Non-alcoholic fatty liver disease affects one in four people
in the general population in Europe and just over one in twenty people have
advanced liver fibrosis, a meta-analysis of 33 studies from 15 European
countries presented at the Digital International Liver Congress shows.
Non-alcoholic fatty liver disease (NAFLD) occurs when fat
accumulates in the liver. People with diabetes or metabolic syndrome have a
higher risk of developing non-alcoholic fatty liver disease. Fat accumulation
can lead to inflammation in the liver and damage (fibrosis). Liver damage due
to fat accumulation is called non-alcoholic steatohepatitis (NASH).
NAFLD is a growing public health
problem, but the prevalence is unclear. Studies have used differing methods to
diagnose NAFLD, employing either blood tests or imaging to diagnose the condition. A meta-analysis published by the Center for Disease Analysis in 2018, including general population studies from the largest European countries and the United States, estimated prevalence of between 25 and 30% in western Europe.
To assess the prevalence of NAFLD and NASH in Europe, researchers
from six European countries carried out a systematic review and meta-analysis
of studies published up to 2019. Studies were eligible for inclusion if they reported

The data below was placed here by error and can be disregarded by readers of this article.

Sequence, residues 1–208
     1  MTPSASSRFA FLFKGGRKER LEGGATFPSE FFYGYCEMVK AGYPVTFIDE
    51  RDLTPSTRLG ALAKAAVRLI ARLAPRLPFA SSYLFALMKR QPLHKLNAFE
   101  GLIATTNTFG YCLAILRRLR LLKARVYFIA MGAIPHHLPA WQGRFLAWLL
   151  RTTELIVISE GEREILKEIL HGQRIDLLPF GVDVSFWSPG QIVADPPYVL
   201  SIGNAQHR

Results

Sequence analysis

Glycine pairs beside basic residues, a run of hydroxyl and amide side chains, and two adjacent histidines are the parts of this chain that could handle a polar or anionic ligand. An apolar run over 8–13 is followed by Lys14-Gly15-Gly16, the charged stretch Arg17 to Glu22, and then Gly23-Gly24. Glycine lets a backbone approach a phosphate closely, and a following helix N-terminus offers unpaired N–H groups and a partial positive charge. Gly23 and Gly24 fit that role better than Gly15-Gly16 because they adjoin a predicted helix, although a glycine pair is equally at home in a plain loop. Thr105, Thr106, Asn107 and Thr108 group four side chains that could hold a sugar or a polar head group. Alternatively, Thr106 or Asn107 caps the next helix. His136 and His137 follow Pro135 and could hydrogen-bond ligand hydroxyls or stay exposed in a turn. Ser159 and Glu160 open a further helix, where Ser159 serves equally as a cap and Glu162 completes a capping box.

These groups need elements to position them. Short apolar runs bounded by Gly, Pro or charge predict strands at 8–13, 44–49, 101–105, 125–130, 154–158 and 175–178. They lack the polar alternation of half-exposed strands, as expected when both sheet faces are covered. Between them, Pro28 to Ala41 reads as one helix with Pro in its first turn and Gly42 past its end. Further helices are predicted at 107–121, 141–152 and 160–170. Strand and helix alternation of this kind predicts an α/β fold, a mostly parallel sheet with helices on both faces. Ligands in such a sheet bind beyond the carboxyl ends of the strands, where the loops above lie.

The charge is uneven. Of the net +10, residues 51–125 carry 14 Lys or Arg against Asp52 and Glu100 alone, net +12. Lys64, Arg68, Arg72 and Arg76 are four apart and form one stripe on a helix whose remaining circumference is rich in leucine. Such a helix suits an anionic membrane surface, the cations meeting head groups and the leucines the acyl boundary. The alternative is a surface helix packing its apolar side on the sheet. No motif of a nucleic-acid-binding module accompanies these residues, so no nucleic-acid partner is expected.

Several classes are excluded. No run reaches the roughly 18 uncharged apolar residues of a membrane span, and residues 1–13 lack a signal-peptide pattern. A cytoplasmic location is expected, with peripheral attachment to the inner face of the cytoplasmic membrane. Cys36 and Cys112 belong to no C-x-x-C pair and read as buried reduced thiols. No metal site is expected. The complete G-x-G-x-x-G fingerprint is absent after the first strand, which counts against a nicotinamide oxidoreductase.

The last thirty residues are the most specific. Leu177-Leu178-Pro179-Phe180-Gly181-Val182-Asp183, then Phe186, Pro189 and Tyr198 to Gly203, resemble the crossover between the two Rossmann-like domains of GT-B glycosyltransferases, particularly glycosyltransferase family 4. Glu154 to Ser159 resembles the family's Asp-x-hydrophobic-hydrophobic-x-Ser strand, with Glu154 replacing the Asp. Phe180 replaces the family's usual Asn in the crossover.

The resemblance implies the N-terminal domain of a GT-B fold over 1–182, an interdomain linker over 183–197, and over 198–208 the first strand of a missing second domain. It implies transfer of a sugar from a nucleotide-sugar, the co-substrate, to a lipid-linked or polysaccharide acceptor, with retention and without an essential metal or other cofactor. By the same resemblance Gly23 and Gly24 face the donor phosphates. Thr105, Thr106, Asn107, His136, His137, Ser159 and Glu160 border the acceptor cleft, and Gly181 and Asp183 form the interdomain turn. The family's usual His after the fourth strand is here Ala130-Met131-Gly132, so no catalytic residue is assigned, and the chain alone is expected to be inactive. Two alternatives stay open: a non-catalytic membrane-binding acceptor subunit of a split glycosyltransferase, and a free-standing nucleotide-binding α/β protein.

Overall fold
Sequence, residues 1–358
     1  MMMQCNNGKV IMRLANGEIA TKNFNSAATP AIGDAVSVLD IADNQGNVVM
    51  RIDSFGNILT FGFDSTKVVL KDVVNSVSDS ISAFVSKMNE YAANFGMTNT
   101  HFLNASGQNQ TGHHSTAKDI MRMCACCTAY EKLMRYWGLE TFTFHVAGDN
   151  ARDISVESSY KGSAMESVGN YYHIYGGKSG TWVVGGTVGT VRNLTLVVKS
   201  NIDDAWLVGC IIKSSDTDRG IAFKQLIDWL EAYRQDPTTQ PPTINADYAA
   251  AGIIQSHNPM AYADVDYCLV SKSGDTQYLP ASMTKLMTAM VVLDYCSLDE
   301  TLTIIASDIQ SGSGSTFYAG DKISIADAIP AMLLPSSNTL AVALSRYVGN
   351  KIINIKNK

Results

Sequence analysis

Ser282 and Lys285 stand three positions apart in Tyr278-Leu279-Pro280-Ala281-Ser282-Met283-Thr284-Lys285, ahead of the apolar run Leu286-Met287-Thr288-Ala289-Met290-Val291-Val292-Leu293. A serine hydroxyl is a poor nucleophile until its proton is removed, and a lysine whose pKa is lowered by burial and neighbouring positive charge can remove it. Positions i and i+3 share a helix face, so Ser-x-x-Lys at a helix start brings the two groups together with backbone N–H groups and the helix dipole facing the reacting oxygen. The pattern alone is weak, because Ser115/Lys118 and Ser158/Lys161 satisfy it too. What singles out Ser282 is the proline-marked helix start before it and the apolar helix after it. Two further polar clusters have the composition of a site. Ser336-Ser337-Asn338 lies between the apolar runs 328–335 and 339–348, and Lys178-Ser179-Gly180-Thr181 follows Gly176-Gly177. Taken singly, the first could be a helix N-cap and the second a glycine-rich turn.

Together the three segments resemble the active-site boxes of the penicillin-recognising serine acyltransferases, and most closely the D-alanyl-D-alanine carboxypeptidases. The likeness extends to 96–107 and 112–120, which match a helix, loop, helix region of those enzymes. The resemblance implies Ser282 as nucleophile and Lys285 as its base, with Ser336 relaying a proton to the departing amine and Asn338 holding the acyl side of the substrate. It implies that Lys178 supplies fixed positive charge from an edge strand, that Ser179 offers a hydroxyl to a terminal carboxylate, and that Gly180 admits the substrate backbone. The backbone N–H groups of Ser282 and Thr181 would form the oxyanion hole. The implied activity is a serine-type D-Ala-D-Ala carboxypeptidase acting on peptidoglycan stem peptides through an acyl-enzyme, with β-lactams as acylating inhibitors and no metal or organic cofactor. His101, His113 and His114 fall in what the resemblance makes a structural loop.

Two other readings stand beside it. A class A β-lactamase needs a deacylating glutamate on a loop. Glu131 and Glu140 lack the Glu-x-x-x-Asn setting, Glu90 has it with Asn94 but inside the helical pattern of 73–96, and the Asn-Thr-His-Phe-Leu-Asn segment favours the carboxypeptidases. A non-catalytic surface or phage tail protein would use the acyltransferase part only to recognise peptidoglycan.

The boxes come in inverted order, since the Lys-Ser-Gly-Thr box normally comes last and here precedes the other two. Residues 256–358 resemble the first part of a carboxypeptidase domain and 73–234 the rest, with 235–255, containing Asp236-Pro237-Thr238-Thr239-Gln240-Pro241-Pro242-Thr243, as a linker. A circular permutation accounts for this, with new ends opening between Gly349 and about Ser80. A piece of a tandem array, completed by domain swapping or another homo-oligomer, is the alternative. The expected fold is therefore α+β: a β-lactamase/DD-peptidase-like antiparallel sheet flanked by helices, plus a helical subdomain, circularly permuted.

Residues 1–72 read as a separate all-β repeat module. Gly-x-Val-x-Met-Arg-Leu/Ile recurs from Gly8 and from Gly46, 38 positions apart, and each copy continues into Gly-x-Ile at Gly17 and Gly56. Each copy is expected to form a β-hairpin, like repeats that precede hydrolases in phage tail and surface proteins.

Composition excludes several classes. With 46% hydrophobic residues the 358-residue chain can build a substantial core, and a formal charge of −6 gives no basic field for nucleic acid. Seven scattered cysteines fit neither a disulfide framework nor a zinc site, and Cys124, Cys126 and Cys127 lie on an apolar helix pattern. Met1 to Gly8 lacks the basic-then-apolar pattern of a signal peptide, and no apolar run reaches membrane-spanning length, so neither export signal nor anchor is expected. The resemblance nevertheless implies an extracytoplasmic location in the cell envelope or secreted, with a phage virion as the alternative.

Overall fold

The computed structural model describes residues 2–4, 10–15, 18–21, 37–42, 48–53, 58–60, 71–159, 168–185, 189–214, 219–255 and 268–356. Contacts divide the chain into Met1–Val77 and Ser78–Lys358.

prevalence in the general population but were excluded if they investigated prevalence
only in people with metabolic conditions or in children. Studies were also excluded
if they did not report data on alcohol consumption or if they failed to exclude
other causes of liver disease when calculating prevalence.
The research team identified 19 studies including 42,580 people
that diagnosed NAFLD by non-invasive imaging and nine studies including 84,235
people that assessed NAFLD prevalence by blood tests using the Fatty Liver Index.
Twelve studies reported on the prevalence of NASH (4696 participants) and five
on the prevalence of advanced fibrosis (7270 participants).
The cohorts were diverse, with wide variations in the
prevalence of obesity, type 2 diabetes and metabolic syndrome. They also
reported wide variations in the prevalence of NAFLD, ranging from 10.4% in a
Swedish study of 1015 people with a median age of 57 years and a diabetes
prevalence of 7%, to 48% in a study carried out in Italy (890 people) (median
age 53 years and diabetes prevalence 19%).
A meta-analysis of NAFLD prevalence studies found a pooled prevalence
of 27%, with no difference in the final result between studies which used imaging
or blood tests to assess prevalence.
Studies assessing the prevalence of NASH were inevitably
biased due to referral for biopsy on the basis of clinical indication. The
12 studies found that 64% of 4696 NAFLD patients referred for biopsy had
Meta-analysis of five studies of advanced fibrosis
prevalence in the general population found a prevalence of 6%. These studies used blood tests to assess the prevalence of F3 or f4 fibrosis (advanced fibrosis or cirrhosis).
The study authors say this the largest analysis to date of
the burden of NAFLD in Europe and needs to be followed up by an economic
analysis of the potential benefits of non-invasive testing for advanced fibrosis
in the general population, given the high prevalence detected across studies
included in this meta-analysis.